Babylon A.D. Directed by Mathieu Kassovitz
Starring Vin Diesel, Michelle Yeoh, Melanie Thierry, Lambert Wilson, Gerard Depardieu
Release date: August 29, 2008
Earlier this week director Mathieu Kassovitz told AMC that he was very unhappy with Babylon A.D.. “It’s pure violence and stupidity,” he admits. “The movie is supposed to teach us that the education of our children will mean the future of our planet. All the action scenes had a goal: They were supposed to be driven by either a metaphysical point of view or experience for the characters”¦ instead parts of the movie are like a bad episode of 24.”
Ultimately, Kassovitz is correct in everything he said but that didn’t make me hate the film, but nothing was enough for me to like it either. To me, the film seemed like someone tried to take Children of Men, Blade Runner, Minority Report, The Fifth Element , and Serenity and attempted to incorporate all the best elements into this post-apocalyptic tale, which ended up instead being nothing short of The Bodyguard or Waterworld, where you have a stoic male character protecting a younger female character. As the director himself put it, this film was simply a bunch of cut action scenes that blend together into a story that had absolutely no character development or story all.
Vin Diesel does well playing a stoic, anti-hero mercenary that takes a job transporting a girl from Russia to America. His character, Toorop, finds that the girl he is transporting actually has a secret that could mean the next Messiah, or something like that. The film is based on the novel, Babylon Babies, by French author, Maurice Georges Dantec. Kassovitch claims that the film, like the book, was supposed to explore the impact children have on the future of the planet, but that concept does not come across symbolically or within the context of the story. The girl he is transporting, Aurora, is probably the biggest bright spot of the film. She’s played by Melanie Thierry, who really brought a sweetness to the screen and I think she is someone we will see more of in the future of film (I can see her being in a Bond movie).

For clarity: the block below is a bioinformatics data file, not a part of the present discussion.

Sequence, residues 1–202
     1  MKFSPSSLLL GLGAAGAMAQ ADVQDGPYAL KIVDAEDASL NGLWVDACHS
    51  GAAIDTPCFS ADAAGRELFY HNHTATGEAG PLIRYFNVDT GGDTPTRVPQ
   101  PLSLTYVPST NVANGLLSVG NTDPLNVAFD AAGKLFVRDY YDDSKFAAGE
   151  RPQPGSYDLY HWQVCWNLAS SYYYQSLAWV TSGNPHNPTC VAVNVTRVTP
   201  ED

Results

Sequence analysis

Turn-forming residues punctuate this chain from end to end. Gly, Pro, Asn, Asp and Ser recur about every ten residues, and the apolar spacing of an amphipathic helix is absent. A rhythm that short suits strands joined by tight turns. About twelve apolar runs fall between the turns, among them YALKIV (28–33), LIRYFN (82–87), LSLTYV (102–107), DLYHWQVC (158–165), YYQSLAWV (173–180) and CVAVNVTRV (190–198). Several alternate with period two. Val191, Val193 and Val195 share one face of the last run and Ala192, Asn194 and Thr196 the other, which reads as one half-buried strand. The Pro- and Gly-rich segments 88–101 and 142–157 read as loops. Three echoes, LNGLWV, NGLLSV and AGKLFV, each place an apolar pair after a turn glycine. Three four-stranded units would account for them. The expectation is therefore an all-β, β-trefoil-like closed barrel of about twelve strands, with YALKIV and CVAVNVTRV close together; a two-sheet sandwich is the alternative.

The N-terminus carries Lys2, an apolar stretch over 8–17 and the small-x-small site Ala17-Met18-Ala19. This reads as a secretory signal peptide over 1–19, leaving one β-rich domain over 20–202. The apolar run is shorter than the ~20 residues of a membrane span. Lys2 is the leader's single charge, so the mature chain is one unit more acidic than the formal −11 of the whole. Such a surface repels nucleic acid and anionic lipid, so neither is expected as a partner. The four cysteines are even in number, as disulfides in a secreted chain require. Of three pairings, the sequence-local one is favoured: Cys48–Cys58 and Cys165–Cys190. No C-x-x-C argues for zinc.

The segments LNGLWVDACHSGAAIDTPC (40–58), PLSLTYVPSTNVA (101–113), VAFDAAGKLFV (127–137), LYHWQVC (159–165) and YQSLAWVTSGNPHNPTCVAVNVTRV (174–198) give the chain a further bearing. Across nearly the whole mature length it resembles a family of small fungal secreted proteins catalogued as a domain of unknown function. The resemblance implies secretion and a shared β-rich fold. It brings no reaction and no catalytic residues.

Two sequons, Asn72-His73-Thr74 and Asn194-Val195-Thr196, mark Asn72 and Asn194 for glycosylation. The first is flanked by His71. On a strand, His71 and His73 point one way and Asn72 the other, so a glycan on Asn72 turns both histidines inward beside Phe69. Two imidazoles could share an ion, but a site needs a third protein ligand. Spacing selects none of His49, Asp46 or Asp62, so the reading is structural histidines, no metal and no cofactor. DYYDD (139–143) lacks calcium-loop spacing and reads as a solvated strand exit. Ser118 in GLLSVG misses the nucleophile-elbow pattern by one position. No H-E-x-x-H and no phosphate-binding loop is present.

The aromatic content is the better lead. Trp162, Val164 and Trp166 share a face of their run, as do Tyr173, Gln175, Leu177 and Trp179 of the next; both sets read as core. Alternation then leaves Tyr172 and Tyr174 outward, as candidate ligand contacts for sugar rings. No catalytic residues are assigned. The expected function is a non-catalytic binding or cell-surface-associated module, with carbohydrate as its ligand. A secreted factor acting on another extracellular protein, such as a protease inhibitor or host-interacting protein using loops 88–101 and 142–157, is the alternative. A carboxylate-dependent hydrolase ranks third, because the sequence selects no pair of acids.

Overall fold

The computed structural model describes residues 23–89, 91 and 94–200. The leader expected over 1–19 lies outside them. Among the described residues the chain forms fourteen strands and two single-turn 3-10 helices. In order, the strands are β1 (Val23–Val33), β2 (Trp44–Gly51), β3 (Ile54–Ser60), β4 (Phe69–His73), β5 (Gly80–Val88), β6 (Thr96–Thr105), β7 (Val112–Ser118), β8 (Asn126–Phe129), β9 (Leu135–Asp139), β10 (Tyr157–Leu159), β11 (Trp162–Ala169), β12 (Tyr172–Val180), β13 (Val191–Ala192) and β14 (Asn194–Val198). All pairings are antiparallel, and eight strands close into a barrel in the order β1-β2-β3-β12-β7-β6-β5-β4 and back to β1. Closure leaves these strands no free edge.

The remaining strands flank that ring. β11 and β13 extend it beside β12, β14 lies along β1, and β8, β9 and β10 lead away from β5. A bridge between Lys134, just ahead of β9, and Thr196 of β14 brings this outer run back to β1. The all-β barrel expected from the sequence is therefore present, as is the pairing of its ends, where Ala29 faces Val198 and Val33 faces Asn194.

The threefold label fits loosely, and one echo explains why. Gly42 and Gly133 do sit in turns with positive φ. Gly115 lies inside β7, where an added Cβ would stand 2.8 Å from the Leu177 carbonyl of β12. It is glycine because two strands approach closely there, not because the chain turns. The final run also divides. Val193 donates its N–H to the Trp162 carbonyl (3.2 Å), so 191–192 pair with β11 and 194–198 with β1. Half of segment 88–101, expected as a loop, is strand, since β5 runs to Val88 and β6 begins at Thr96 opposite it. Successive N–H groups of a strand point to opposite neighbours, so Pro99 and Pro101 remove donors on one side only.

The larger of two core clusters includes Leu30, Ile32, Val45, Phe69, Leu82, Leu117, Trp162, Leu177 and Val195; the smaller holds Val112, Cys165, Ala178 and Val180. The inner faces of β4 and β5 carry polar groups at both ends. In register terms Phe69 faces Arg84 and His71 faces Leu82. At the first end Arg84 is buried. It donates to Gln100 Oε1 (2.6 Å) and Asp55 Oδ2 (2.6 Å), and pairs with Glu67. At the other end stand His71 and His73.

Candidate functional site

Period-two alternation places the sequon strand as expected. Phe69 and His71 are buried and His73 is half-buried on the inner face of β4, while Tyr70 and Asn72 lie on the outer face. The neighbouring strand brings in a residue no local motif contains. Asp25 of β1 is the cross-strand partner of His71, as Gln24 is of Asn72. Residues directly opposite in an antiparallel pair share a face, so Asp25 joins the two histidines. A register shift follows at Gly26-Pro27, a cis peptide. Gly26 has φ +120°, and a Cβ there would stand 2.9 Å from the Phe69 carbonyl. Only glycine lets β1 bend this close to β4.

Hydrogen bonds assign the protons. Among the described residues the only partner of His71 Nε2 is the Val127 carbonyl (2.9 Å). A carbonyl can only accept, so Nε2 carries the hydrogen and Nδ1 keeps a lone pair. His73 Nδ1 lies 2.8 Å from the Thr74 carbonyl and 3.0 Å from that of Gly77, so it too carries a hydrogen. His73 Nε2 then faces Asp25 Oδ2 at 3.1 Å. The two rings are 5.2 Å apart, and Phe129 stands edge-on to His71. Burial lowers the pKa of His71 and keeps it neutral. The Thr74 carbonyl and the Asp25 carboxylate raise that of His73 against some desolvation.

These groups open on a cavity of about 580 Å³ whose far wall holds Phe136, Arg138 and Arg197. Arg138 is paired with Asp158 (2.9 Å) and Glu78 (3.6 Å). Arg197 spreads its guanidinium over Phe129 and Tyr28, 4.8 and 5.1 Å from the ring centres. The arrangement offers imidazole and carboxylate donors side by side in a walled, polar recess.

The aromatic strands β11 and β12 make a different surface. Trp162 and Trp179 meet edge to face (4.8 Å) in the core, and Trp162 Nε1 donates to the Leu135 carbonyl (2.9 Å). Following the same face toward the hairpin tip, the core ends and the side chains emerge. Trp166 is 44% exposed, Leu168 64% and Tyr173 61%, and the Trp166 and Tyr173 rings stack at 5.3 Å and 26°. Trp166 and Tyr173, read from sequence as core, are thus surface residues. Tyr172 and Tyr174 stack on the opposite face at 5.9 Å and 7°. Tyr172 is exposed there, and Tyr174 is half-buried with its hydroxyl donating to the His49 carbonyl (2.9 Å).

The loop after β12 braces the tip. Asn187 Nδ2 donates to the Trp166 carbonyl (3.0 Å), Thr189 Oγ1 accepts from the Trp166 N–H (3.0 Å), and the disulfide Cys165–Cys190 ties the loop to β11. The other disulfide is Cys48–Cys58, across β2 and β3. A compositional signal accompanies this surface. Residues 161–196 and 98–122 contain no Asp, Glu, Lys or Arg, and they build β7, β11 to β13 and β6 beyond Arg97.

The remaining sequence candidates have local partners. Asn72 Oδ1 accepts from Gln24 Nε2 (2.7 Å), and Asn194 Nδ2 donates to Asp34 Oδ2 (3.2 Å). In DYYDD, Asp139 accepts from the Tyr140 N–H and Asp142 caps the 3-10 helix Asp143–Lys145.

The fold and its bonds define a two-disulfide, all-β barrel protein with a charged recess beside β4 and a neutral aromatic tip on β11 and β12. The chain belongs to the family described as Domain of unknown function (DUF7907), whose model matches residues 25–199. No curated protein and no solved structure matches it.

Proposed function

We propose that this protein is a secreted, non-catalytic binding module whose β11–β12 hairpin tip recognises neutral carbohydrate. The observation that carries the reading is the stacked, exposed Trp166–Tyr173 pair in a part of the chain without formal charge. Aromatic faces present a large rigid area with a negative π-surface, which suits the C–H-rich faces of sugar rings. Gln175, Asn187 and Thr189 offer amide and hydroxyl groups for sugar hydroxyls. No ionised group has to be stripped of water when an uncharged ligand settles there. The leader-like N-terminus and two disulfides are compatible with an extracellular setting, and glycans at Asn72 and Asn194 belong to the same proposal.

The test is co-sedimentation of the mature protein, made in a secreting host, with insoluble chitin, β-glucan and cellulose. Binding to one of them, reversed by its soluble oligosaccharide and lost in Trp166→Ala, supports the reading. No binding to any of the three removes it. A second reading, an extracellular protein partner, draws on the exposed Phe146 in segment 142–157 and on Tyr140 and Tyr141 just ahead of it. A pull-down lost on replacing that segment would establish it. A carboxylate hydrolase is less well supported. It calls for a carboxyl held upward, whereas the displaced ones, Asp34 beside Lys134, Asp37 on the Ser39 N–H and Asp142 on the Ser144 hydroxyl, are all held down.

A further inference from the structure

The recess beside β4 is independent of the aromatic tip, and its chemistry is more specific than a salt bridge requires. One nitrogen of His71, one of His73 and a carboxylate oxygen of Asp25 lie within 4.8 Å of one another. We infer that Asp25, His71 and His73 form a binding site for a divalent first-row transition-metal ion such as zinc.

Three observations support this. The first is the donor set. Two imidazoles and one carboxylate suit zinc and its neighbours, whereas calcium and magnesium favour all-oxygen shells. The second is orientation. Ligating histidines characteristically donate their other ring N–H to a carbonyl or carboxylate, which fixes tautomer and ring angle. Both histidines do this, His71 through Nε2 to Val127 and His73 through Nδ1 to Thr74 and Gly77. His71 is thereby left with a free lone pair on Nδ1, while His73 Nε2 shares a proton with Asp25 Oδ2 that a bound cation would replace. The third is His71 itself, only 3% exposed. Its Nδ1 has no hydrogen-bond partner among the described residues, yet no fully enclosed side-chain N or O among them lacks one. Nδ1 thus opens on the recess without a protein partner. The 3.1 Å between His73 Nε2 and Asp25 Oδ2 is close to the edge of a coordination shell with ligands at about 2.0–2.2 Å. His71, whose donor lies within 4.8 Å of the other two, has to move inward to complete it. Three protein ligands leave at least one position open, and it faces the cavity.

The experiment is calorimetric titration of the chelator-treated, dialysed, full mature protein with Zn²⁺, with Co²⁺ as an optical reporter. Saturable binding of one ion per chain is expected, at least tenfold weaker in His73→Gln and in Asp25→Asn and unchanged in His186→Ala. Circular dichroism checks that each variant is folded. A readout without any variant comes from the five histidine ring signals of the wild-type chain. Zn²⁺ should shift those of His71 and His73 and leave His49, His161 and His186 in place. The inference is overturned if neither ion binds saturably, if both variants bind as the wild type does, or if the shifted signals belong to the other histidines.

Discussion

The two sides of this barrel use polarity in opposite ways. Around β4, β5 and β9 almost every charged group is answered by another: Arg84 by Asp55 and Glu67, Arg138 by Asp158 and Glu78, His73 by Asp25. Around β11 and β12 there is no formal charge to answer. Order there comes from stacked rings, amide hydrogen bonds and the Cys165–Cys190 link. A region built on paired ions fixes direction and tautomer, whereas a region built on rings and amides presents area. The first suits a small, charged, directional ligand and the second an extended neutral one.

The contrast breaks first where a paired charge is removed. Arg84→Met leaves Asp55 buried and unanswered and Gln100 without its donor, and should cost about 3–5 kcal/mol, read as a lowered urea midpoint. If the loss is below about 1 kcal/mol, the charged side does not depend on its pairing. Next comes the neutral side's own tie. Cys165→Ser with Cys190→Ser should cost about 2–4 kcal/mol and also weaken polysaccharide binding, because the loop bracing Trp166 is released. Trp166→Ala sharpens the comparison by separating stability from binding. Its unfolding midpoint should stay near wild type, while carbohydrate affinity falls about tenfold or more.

But let’s get to the point. This movie had no structure and no inept sequence of story to keep you wondering about the events to come or the characters. You get the typical action hero lines such as, “There is no mercy for the weak” or “I only have one rule” or my personal favorite, “It’s either kill or be killed.” You also never get an explanation about Aurora’s apparent “gifts” and why she is so important.
The worst thing is you don’t care about anyone in this film. The film also manages to be boring on top of all its other flaws thus making it a hard movie to sit through anytime of day. This is a movie that fits right in with other futuristic film flops like Johnny Neumonic or Simple Days, but the thing is I like those movies more because with those films at least know what you’re getting. With Babylon A.D., it seemed like Fox thought they might have the next Blade Runner movie, but sadly, that’s not the case. I am interested to see if the studio will give Kassovitch a Director’s Cut DVD to make the film he wanted. The lesson here is listen to the director when he says his own film is bad.